The outlook is very scary for aging Boomers. Recent studies show that if we don’t change, we won’t be able to continue working or playing for much longer.
Surveys can be very confusing. Research from human capital consulting firm Towers Watson shows 75% of Boomers intend to continue working well past retirement age. Of these, the study shows, 41% of Boomers will stay in the workforce because they want to, not because they have to. However, just more than one-third of pre-retirees will continue working because they have to. These are individuals who either haven’t saved enough to subsidize the retirement lifestyle they want or who lost a substantial portion of their nest egg in the 2008 financial market crash and are still trying to recover it.
Compare this with the recent Heart and Stroke Foundation poll where Canadian boomers are planning full lives for their later years. Half of Boomers (54 per cent) want to travel and be active around the house, 38 per cent want to be involved grandparents, 36 per cent want to take up a new hobby and a quarter (27 per cent) would like to winter somewhere warm and sunny.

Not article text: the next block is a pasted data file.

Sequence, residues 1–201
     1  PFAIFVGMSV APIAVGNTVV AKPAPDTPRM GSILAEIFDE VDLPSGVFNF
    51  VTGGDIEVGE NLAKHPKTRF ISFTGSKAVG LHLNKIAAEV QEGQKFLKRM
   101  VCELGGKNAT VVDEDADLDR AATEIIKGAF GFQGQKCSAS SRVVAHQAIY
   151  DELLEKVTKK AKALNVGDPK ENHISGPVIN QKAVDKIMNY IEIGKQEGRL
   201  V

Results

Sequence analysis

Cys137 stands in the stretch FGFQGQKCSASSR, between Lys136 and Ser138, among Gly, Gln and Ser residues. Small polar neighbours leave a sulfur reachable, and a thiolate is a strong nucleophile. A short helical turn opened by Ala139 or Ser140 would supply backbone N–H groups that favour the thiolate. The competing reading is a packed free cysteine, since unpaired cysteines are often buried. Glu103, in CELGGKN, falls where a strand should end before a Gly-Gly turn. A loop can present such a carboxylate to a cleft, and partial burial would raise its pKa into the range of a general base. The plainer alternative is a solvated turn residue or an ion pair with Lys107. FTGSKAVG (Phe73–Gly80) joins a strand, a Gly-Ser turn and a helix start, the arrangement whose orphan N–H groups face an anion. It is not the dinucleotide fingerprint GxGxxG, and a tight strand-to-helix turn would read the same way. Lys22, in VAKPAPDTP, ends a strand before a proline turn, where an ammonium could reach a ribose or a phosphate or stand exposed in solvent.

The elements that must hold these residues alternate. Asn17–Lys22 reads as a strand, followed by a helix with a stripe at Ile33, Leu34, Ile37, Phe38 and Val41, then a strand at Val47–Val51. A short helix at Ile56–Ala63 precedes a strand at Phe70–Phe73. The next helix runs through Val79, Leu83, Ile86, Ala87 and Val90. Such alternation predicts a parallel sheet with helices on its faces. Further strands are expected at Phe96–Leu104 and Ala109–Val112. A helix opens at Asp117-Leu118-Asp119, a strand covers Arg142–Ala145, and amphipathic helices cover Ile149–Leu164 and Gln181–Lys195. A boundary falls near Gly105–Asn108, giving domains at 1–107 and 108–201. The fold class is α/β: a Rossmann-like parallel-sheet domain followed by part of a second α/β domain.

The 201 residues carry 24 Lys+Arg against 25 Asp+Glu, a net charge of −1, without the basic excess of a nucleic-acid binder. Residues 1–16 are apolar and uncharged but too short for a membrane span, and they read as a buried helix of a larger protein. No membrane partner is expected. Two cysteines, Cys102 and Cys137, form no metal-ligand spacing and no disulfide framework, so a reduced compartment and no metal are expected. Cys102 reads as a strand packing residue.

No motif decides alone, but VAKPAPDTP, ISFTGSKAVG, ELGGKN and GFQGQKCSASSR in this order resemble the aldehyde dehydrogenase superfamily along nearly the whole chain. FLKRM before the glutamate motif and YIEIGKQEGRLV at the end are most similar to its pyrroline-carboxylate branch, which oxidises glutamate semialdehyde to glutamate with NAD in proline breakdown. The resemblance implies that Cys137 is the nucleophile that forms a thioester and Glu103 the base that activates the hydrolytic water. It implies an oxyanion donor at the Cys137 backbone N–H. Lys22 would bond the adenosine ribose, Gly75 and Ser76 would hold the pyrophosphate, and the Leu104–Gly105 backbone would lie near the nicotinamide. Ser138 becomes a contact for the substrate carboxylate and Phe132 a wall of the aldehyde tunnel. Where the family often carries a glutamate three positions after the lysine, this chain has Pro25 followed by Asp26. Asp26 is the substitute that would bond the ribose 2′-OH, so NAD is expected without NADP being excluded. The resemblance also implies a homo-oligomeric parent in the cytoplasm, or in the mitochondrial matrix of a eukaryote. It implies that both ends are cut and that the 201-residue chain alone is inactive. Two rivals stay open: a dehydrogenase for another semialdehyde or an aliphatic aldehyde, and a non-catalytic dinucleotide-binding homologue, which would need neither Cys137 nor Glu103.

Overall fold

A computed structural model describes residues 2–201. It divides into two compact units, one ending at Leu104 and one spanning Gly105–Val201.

Whether to work or play, Boomers expect to be living full lives past the traditional retirement age. Our Government thinks so as well. This is part of the impetus in raising the retirement age from 65 to 67 years of age. I heard one health economist state that the average 73 year old today has the health of someone who was 65 years old in 1966, the year the Canada Pension Plan was introduced.
Although we may be living longer – are we healthy enough to fulfill our desires? Apparently not. According to Statistics Canada, on average, there’s a 10-year gap between how long Canadians live, and how long they live in health. This gap manifests as heart disease, stroke and other chronic conditions.
The real gap, however, is in the perception of how healthy we are versus how healthy we think we are. We are in denial if 80 percent believe that doctors would rate us as healthy. More than a quarter of Boomers don’t feel concerned about how healthy they will be later in life. And three quarters don’t know that lifestyle modifications can reduce the risk of heart disease and stroke by up to 80 per cent . Even after being diagnosed with a chronic condition like heart disease or diabetes, Boomers rarely make lifestyle changes that would improve quality of life or prolong their lives.
We’ve got to stop kidding ourselves. Lifestyle changes can lower risks to debilitating chronic diseases. Diseases that will derail fully living out the future – whether it is work or play.